Quezon City,  Special Feature

A Walk Along The EDSA 86 Trail

With the risk of betraying my age here, I was wee little toddler when the first People Power Revolution of 1986 happened. As such, I have no recollection of what happened during those historic 4 days in February save from what I eventually read in history books, in school, and the stories my mom who was there told me.

(courtesy of Gel Santos Relos on Typepad)

As such, I must admit I have no idea what it was like for the millions who flocked to EDSA despite the danger that loomed, who only had hope and prayers as their weapons against tanks and guns. Instead, what I feel about it is frustration and cynicism, that it was an opportunity wasted by those same people. Now some of them have the gall to generalize that those who are supporting the son of the president who was overthrown 30 years ago are “zombies” and “retards.” While others have made the symbols of unity and freedom in 1986 become symbols of divisive politics in 2016.

With such mixed sentiments, I needed to be reminded myself of what made the People Power Revolution a defining moment for the country. I needed to understand too why we failed to follow through the ideals the revolution wanted to put in place. And the best way for me to do this is to take a walk right along the great historic avenue that is EDSA where it all happened in 1986, a walk along the EDSA 86 Trail.

Starting At The Station and the Twin Camps

I started my walk alighting at the Line 3 Station known as Santolan Station. Actually I refuse to call the station as such since the area is not in Santolan (the one in Pasig where the Line 2 Station is the real Santolan) and it refers to a road formerly known as Santolan Road which better known today as Col. Boni Serrano Avenue. But I digress. It’s one of those times I appreciate that the station has a pedestrian walkway on top of it to better appreciate the view of EDSA and all its traffic-laden glory.

EDSA at the area of Camps Crame and Aguilnaldo in 2016 (this was taken on a Sunday, thus the light traffic you are seeing in the photo)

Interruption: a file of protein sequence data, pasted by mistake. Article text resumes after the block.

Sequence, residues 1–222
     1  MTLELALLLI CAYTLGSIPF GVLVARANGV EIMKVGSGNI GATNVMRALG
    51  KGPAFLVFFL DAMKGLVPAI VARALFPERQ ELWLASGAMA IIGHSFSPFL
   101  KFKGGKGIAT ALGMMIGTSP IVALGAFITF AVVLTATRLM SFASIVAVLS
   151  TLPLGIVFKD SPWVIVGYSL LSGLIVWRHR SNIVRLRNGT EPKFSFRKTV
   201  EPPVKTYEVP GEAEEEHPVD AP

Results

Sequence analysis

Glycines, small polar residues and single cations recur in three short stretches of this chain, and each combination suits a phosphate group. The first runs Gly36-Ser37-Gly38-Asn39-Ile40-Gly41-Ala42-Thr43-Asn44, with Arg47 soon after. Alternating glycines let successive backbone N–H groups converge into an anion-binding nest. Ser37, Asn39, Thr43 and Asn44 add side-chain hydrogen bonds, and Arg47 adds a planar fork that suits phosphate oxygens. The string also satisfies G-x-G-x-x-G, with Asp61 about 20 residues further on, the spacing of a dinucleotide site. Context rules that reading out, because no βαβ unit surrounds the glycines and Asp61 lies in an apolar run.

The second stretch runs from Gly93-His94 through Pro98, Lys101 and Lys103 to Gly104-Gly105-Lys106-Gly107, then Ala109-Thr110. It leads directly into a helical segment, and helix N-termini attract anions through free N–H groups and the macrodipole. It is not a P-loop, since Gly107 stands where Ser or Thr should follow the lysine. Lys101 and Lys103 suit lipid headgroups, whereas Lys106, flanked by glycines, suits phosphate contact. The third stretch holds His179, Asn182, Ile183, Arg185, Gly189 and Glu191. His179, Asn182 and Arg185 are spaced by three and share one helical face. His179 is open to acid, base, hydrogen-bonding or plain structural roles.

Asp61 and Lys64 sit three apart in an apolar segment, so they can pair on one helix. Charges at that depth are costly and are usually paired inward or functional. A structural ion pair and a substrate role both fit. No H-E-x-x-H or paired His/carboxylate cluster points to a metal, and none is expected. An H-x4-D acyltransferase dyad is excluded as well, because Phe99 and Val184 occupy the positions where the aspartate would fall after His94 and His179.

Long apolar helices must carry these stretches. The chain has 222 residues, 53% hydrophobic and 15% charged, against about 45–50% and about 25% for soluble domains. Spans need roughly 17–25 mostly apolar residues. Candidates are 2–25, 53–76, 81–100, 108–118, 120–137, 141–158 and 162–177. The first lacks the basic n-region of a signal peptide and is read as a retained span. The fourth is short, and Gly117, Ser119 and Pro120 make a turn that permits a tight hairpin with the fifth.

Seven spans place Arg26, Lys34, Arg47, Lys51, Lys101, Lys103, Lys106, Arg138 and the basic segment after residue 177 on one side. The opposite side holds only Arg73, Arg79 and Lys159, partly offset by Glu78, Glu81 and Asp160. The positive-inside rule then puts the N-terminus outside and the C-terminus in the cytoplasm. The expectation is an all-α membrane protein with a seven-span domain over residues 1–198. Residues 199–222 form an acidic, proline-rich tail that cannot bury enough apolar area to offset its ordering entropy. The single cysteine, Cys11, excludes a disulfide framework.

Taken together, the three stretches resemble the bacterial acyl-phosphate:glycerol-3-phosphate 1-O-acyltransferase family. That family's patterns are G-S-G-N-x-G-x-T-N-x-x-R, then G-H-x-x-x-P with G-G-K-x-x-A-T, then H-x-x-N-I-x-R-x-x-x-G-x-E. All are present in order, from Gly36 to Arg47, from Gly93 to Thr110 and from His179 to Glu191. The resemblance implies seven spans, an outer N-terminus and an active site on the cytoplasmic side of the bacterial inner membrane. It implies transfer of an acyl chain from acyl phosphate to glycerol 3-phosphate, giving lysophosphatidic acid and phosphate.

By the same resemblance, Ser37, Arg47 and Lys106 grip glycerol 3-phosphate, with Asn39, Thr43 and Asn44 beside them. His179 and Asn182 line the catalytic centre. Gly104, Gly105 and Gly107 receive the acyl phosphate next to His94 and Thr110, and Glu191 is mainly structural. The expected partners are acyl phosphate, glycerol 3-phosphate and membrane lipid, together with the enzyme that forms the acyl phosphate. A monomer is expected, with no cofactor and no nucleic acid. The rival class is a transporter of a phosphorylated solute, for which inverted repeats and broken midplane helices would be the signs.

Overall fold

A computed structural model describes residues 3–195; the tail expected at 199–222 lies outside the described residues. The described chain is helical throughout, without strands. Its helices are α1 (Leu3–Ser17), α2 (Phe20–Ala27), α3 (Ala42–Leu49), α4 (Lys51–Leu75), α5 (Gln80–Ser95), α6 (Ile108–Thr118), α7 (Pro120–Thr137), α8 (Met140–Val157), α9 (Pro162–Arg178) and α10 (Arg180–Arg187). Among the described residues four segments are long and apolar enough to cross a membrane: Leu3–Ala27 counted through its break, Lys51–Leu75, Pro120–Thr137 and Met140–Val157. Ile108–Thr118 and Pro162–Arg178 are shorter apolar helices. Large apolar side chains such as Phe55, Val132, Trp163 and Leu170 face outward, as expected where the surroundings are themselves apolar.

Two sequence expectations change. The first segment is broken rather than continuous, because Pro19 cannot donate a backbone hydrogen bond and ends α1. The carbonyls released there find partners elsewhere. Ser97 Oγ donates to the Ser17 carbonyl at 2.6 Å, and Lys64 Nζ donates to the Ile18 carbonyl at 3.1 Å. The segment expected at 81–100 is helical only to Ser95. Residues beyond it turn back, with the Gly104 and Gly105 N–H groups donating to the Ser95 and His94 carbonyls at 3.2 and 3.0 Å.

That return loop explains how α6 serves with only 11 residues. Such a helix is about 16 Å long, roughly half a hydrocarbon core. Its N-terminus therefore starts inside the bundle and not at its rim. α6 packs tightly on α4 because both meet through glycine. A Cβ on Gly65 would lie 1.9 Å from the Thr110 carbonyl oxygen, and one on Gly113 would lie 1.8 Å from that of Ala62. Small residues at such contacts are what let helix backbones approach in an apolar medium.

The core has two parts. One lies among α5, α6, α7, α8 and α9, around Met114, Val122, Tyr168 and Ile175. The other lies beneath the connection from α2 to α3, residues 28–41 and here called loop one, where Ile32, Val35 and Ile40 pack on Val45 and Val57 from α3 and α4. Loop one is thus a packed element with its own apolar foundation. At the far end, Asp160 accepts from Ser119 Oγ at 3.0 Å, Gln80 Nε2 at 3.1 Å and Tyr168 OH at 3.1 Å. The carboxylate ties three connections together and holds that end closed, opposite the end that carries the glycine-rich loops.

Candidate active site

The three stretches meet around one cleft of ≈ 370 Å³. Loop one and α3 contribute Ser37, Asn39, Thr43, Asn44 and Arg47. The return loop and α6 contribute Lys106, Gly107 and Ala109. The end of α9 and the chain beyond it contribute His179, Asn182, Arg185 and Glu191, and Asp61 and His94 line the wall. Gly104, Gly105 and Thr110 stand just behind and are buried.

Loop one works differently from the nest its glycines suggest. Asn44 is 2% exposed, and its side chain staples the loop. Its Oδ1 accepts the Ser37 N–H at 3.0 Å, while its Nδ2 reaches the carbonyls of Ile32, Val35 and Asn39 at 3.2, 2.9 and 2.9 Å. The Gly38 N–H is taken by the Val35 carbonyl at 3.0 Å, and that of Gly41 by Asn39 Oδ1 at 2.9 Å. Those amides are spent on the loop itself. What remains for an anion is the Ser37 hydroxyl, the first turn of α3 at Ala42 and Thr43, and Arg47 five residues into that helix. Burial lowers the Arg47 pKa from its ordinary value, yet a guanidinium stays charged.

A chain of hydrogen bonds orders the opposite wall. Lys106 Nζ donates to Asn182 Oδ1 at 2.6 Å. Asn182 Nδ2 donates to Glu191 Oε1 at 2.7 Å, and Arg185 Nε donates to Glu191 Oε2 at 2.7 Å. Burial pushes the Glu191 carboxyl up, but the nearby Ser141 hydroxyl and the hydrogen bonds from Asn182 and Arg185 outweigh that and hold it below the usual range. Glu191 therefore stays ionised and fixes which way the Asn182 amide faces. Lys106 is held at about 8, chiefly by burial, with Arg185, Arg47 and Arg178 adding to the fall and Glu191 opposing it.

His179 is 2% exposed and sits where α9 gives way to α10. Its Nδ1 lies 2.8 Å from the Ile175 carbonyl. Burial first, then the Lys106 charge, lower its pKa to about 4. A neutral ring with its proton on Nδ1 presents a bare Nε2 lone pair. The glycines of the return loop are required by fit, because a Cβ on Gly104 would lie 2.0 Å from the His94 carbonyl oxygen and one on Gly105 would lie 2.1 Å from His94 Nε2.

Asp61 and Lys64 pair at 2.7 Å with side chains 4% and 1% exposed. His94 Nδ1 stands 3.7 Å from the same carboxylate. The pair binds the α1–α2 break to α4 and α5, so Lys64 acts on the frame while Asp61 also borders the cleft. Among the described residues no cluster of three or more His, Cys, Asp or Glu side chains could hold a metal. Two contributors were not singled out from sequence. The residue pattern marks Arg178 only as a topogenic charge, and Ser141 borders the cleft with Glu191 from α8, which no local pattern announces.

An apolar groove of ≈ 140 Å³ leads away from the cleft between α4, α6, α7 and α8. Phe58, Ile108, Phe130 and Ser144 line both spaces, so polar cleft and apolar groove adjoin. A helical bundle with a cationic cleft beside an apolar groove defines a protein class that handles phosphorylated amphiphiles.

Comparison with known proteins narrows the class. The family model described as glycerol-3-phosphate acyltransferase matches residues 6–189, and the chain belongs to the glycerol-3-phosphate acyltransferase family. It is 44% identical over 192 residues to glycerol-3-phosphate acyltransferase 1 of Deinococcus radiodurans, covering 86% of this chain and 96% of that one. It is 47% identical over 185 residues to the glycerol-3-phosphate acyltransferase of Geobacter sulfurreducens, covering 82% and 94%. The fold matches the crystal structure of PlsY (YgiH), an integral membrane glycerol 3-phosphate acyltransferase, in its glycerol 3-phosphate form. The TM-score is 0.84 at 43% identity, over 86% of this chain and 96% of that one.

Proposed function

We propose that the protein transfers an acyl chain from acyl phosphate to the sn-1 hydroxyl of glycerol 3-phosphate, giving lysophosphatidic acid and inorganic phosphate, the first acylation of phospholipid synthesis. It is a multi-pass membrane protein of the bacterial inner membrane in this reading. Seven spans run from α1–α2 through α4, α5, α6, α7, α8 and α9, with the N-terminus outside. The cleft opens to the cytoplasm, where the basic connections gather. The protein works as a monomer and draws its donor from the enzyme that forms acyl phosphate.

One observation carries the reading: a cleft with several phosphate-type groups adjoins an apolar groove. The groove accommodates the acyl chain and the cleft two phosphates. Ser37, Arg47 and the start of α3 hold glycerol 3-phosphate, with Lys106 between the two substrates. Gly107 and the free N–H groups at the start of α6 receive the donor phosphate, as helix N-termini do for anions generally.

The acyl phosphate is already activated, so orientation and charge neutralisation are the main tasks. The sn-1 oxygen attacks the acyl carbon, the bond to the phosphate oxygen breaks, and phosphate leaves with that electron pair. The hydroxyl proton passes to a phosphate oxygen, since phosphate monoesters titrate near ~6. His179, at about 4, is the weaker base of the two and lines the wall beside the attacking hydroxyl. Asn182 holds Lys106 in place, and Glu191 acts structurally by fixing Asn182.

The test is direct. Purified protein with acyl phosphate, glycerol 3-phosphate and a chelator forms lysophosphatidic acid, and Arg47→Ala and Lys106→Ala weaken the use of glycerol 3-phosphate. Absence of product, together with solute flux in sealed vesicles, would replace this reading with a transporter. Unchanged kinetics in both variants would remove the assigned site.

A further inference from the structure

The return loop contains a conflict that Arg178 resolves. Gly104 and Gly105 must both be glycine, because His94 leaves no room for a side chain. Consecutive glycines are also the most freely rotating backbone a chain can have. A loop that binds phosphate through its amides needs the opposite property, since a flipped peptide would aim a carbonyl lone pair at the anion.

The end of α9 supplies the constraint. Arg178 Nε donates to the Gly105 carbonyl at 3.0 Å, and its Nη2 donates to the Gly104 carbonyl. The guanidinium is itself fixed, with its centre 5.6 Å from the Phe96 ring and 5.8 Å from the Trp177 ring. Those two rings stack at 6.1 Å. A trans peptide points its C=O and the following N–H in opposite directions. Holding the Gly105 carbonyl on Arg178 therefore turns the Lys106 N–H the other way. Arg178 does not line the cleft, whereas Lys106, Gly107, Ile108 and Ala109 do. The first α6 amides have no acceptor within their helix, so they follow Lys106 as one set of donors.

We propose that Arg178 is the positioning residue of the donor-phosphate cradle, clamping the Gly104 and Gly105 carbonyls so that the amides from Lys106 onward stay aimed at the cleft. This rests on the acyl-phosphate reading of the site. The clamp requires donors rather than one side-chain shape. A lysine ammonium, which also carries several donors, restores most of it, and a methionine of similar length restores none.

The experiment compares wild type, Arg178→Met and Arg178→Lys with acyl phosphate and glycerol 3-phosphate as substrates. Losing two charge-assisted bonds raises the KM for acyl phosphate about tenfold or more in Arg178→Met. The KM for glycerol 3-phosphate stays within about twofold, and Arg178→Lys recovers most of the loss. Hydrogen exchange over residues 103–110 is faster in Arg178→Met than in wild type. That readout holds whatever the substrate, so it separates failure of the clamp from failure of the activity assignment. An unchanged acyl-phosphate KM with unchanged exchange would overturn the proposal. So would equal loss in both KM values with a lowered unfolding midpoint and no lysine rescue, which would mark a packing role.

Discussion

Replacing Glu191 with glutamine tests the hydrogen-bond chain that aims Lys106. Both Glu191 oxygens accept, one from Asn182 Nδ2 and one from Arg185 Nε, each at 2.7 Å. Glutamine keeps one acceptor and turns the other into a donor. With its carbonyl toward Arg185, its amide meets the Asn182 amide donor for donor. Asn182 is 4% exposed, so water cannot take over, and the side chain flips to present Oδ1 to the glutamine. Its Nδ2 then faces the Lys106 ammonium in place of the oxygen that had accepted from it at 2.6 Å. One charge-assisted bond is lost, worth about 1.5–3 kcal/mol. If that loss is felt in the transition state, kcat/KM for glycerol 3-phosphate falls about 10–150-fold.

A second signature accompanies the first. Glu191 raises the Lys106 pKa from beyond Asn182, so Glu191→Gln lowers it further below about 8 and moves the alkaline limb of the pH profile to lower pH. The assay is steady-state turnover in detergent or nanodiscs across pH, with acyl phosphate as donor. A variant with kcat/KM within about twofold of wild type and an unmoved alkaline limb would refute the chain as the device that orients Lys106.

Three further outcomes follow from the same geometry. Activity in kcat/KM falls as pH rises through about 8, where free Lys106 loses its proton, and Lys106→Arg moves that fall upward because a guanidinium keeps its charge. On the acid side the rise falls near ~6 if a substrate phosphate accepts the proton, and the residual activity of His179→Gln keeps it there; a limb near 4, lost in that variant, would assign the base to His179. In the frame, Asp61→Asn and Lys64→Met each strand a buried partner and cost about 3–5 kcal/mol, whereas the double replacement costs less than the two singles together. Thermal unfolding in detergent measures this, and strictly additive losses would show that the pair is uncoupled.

In February 1986 though, the view was quite different as the wide thoroughfare was filled with people who voluntarily went to support and protect then Defense Minister Juan Ponce Enrile whose office was at Camp Aguinaldo and Armed Forces Vice Chief of Staff Gen. Fidel Ramos whose office was at Camp Crame as Ramos also oversaw the Philippine Constabulary, the precursor to today’s Philippine National Police. Earlier on February 22, Enrile and Ramos announced that they were withdrawing their support to President Ferdinand Marcos, denounced the corruption and abuse of his regime, and declared that Corazon Aquino, the widow of slain Sen. Benigno Aquino Jr.,  was the true winner of the snap elections held days earlier in February 7 and not Marcos.

EDSA in February 1986 experienced a different kind of congestion then (photo courtesy of the Philippine Daily Inquirer)

Given the superior strength of the military still loyal to Marcos, there was palpable fear among the many in EDSA but remained steadfast. The gameplan was simple, form a human barricade that would block the soldiers coming in from the south in Fort Bonifacio and persuade them to join the growing resistance against the Marcos regime. That human barricade grew in number, filling that stretch of EDSA from around Camps Crame and Aguinaldo all the way to the intersection with Ortigas Avenue at least until February 25, when Aquino took her oath as President of the Philippines and Marcos eventually fled to Hawaii later that day.